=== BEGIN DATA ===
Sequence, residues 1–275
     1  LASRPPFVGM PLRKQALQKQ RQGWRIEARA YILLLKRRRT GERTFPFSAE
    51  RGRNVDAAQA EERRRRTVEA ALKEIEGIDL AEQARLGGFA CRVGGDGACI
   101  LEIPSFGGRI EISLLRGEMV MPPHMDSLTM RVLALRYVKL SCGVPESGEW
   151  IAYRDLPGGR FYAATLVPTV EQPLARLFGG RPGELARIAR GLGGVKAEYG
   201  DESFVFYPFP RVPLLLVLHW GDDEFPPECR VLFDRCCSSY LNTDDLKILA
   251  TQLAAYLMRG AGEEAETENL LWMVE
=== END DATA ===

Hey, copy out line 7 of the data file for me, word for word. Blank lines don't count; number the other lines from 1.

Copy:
   251  TQLAAYLMRG AGEEAETENL LWMVE